It’s been seven years since iconic American rock band Pearl Jam released a new album. But apparently these times call for those who’ve been long-silent, to emerge. Pearl Jam just dropped their new album Gigaton. Using the subjects of climate, government, and Donald Trump, Pearl Jam have devised a record brimming with relevance and harshness. For all those Pearl Jam fans out there, Gigaton is here for you, a beloved band of voices to anchor us in this darkly inspirational era.
NIN: Ghosts V-VI
NIN have dropped two new albums in surprise mode, continuing the Ghosts series they began in 2008. Ghosts V-VI, which is comprised of Ghosts VI: Locusts and Ghosts V: Together, arrived suddenly on March 26. Now, NIN fans have even more to sonically landscape this categorically strange time to be alive
5 Seconds of Summer: CALM
The pop band hailing in from Sydney has been boasting their follow-up to 2018’s Youngblood since last Spring. But how to best themselves when they’ve already debuted at No. 1 on Billboard‘s pop chart? CALM, their fourth studio record, contains the already hit singles “Wildflower,” “Easier,” “Old Me,” “No Shame,” and “Teeth.” Due to the matters at hand, 5SOS undoubtedly dropped and titled CALM as an ode to their fans
—a truly dashing move from the Australian pop band. Listen here, now.
The Weeknd: After Hours
Abel Tesfaye has finally delivered the highly anticipated follow-up to 2018’s My Dear Melancholy. Now, fans are able to blast After Hours, which was preceded by singles “Blinding Lights,” “Heartless,” and the title track.
The new album arrived last week, chased shortly with a deluxe version featuring five additional remixes. After Hours, and After Hours (Deluxe), are contagious and compelling. The Weeknd, a maestro mixologist of new wave, dream pop, and R&B influences, successfully sang out the villainous vision he put behind several of the album tracks. In short: Tesfaye is a hedonist, a cinematic one, but he’s our hedonist.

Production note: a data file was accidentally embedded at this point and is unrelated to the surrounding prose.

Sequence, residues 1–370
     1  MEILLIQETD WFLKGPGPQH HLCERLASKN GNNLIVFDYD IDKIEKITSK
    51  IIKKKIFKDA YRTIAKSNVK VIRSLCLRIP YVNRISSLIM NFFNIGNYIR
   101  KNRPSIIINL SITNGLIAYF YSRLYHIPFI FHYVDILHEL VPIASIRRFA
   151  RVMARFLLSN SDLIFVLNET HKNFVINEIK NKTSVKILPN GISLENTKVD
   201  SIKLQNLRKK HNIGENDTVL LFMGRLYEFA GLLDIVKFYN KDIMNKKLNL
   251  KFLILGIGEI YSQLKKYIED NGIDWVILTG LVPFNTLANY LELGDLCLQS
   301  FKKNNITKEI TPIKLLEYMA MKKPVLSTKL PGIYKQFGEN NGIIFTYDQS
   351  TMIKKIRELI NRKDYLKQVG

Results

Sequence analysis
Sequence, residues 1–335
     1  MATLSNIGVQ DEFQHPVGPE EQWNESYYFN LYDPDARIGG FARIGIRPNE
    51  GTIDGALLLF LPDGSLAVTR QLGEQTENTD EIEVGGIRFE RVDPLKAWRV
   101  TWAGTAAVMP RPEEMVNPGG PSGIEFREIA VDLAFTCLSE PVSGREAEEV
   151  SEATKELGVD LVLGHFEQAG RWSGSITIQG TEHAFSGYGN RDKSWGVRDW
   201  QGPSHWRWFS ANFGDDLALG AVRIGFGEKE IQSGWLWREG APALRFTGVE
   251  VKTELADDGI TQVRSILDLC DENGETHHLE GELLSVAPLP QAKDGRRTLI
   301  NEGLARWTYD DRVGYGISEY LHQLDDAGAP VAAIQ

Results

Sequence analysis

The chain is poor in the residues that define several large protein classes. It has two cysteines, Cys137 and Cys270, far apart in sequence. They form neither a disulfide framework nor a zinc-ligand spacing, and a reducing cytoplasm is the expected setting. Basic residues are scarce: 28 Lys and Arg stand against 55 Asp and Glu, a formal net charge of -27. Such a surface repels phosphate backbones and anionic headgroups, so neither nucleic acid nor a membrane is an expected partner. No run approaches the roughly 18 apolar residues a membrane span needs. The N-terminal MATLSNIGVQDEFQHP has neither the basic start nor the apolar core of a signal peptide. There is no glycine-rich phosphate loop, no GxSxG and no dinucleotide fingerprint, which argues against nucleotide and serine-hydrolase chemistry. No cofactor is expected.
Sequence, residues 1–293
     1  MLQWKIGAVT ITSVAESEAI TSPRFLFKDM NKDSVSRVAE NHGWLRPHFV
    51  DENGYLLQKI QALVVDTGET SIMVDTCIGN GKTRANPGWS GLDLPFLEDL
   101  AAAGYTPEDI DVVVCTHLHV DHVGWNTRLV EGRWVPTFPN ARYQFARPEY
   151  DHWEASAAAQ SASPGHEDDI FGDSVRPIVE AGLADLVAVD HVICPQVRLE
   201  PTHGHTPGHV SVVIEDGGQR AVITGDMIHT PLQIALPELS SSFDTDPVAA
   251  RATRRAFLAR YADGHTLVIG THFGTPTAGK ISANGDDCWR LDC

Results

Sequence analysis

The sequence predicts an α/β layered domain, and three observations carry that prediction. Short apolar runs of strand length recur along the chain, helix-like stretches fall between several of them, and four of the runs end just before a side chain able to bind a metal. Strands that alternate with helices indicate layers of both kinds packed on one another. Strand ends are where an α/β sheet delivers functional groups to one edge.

Childish Gambino: 3. 15. 20
In 2018, Childish Gambino dropped a trap-gospel song with seismic repercussions. “This Is America,” with its haunting choral rounds and ear thrumming bass, spurred millions of fanatics. Donald Glover, though already a big player in our media consumption, cemented his apocryphal importance. So when he went on the “This Is America” tour and boasted his next album would be his last, we didn’t think it would, one day, appear out of nowhere.
But it did. Childish Gambino’s fourth studio album, cryptically titled 3. 15. 2020, arrived on March 22nd. Spanning twelve tracks
—all but two of them informally named by their time signature as they appear on the album
—3. 15. 2020 is a stylistically packed record that testifies to what Childish Gambino managed to be through to the end of his ego: at the forefront of what’s cool.
Ellie Goulding: “Power”
Foster the People: “Lamb’s Wool”
Haim: “I Know Alone”
Remi Wolf: “Photo ID”
John Legend and Kane Brown: “Last Time I Say Sorry”